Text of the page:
“sure, come on over, ” the sleepy voice answered.
sure, come on over. not the bright polite answer jonathon would expect his own secretary to give. and she did not even check with the mysterious m mandragore. but what could you expect from the cheapest son of a bitch you could find?
“i’ll be back before five,” jonathon told his secretary betty as he took his hat from the rack and opened the door.
betty nodded, without looking up from her copy of the american mercury magazine.
45 rogers st was a two story wooden building directly across from dave richard’s back lot. the first floor was occupied by a tire dealer. what looked like offices were on the second floor, with small signs in the windows jonathon didn’t bother trying to read. he figured m mandragore must be one of them.
when he entered he saw a small sign beside the stairs - “mandragore investigations - number 4.”
jonathon was in a good mood after fortifying himself with a cup of coffee and a slice of lemon pie at cassie’s and getting some fresh air on his walk over. this might be amusing, he thought.
he went up the stairs. there were three doors with small windows labeled 2, 3, and 4 and he rapped on number 4 and the voice from the phone called “it’s open.”
a skinny blonde girl sat behind a big desk, with a big fat old book opened in front of her. as jonathon got closer to the desk he saw she was not as young as he first thought - and she looked kind of tired. she was wearing a cheap print dress - not at all smart or professional looking - and she wore a little blue flower behind her left ear, which jonathon thought looked very low class indeed. he wondered if she was wearing shoes.
“you must be mister attorney jones,” the not so young girl said. she made no move to get up. or to open the unmarked door behind her. “have a seat.”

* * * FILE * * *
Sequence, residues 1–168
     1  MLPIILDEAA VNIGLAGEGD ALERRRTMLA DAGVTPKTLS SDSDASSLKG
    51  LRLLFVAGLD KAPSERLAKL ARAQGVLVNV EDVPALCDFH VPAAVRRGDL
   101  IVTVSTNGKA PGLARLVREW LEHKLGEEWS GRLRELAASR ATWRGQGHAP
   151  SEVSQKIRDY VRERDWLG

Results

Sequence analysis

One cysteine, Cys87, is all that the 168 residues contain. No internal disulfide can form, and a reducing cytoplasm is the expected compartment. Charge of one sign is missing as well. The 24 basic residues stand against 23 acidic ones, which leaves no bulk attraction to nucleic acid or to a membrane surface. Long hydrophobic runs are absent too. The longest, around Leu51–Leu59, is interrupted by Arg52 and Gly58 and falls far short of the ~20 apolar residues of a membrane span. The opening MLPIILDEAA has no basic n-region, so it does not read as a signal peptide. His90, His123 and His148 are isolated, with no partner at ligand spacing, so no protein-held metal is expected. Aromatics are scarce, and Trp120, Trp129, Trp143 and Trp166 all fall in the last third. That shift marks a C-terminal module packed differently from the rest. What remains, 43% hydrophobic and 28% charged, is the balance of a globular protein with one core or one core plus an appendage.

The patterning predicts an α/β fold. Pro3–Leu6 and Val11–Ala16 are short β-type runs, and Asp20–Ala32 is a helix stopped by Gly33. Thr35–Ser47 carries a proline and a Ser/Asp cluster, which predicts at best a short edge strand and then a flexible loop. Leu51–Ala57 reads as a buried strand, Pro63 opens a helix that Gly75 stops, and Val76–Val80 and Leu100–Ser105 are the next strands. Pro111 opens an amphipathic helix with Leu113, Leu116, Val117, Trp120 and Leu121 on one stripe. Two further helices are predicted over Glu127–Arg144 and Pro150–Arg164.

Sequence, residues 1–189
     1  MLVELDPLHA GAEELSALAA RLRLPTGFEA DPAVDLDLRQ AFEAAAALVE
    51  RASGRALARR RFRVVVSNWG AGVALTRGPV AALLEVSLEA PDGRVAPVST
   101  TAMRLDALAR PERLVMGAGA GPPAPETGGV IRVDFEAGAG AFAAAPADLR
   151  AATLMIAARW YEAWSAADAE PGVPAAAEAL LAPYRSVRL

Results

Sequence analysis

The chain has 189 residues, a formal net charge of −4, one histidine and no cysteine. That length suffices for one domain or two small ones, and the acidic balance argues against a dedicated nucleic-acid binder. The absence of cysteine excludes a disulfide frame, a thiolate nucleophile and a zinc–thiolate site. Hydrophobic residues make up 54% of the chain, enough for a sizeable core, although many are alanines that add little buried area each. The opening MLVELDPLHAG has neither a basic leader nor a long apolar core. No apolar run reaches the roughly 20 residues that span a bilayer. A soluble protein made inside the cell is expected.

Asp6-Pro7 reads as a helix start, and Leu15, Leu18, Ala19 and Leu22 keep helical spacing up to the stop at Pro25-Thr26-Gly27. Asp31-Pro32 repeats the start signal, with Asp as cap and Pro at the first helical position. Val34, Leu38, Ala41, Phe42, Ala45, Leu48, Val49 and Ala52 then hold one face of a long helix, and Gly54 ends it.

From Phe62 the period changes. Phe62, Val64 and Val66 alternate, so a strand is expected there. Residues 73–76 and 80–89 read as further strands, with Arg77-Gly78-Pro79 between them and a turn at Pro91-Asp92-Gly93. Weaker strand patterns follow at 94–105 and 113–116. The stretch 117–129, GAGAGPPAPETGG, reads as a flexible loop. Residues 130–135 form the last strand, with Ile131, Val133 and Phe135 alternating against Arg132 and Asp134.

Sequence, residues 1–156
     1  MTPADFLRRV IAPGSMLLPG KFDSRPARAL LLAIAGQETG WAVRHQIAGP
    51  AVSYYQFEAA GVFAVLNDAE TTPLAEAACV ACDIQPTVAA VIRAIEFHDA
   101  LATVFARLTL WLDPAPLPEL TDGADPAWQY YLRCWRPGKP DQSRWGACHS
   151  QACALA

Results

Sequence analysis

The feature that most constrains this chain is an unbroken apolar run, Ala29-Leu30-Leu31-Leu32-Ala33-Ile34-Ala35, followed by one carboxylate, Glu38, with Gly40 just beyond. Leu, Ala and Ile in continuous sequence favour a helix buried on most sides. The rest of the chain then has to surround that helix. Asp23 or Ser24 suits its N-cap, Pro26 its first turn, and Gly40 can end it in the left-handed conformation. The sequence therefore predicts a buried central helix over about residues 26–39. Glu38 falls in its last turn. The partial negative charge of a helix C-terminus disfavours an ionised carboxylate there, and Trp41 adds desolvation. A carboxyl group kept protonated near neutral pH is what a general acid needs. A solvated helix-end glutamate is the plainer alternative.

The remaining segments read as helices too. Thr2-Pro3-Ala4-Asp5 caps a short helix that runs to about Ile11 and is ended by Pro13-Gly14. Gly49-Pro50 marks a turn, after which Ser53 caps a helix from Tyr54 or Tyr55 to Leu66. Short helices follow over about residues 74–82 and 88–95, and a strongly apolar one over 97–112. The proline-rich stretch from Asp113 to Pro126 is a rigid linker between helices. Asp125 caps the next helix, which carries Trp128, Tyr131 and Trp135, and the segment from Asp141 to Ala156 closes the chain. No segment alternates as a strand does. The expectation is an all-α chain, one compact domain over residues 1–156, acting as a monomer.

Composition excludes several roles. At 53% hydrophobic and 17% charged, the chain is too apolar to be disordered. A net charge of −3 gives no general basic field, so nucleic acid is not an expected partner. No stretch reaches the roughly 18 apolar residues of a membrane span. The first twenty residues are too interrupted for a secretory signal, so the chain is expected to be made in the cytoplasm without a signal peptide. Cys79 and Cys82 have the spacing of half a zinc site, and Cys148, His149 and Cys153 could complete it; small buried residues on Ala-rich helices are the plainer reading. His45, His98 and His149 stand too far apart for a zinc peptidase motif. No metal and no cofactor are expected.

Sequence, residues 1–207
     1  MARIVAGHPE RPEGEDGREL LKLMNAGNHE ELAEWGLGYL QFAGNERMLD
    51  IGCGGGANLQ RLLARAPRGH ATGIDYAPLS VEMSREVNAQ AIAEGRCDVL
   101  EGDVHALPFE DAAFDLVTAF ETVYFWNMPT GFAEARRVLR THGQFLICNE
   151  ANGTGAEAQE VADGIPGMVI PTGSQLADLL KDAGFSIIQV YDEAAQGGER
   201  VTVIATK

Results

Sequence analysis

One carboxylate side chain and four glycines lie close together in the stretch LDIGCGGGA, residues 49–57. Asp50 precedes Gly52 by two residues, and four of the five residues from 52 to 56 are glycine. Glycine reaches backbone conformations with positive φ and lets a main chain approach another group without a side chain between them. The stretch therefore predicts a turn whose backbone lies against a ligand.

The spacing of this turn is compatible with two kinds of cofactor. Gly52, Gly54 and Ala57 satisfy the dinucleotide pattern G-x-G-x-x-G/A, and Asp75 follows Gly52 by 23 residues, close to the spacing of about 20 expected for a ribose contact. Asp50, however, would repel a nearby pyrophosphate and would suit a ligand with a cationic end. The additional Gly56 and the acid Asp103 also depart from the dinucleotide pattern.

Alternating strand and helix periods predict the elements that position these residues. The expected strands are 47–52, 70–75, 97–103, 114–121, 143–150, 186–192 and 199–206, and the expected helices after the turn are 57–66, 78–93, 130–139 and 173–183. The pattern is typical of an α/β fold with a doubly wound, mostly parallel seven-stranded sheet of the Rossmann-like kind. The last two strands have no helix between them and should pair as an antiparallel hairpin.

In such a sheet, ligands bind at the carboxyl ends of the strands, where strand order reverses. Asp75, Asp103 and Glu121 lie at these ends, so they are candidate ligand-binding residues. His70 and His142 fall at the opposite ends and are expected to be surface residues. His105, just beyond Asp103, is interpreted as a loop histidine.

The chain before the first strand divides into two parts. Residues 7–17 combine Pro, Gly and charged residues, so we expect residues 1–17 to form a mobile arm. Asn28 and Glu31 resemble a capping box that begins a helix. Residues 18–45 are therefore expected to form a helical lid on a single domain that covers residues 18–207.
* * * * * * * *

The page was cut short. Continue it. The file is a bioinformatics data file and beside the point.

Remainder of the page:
jonathon looked down at the chair she had indicated. the truth dawned on him, but he asked anyway, just to be sure.
sarah was always on time, and she showed up at lawyer jones’s office just before he opened it in the morning, the morning after louise james had left town.
after the enquiries about each other’s wellbeing, and other courteous preliminaries, they took their seats on opposite sides of lawyer jones’s desk and got down to business.
they were alone. a thick door separated them from the lawyer’s secretary.
“i think you know what i want, jonathon, now that louise is out of the picture. do i have to spell it out for you?”
“you want me to try to get the investigation into old jasper james’s mysterious death reopened.”
“there was nothing mysterious about it. and i don’t want you to try to get the case reopened, i want you to get it reopened.”
lawyer jones smiled. “i am only a lawyer, sarah, not the law. i am not the state supreme court, or the county prosecutor. all i can do is try to persuade them.”
“as far as i am concerned,” sarah replied, “that is just a technicality. and i don’t care for technicalities. just get the case reopened.”
“how do we know that louise might not change her mind and return?”
“do you take me for a complete novice in these matters?” sarah snapped. “she has signed her rights away - or waived them or whatever you want to call it. if - if - she were suddenly to change her mind, she would need to find a lawyer - “. sarah stared intently at jones - “some lawyer not employed by the family - to change things back, but by that time i trust it will be too late. way, way too late if we act expeditiously.”
lawyer jones cleared his throat. “just wanted to get that straight, sarah.” he picked a piece of paper up off his desk. “now, anticipating your instructions, i have had compiled a list of persons we might employ to find something to get the case reopened. do you follow me?”
“now, in this sort of matter, as in most things in this world, we find a range of prices - a surprisingly large one in this case, i must say - and i have ranked them as best i could, from top to bottom, as far as how much they might cost. is there any way you want me to proceed? should i start at the top and work down?”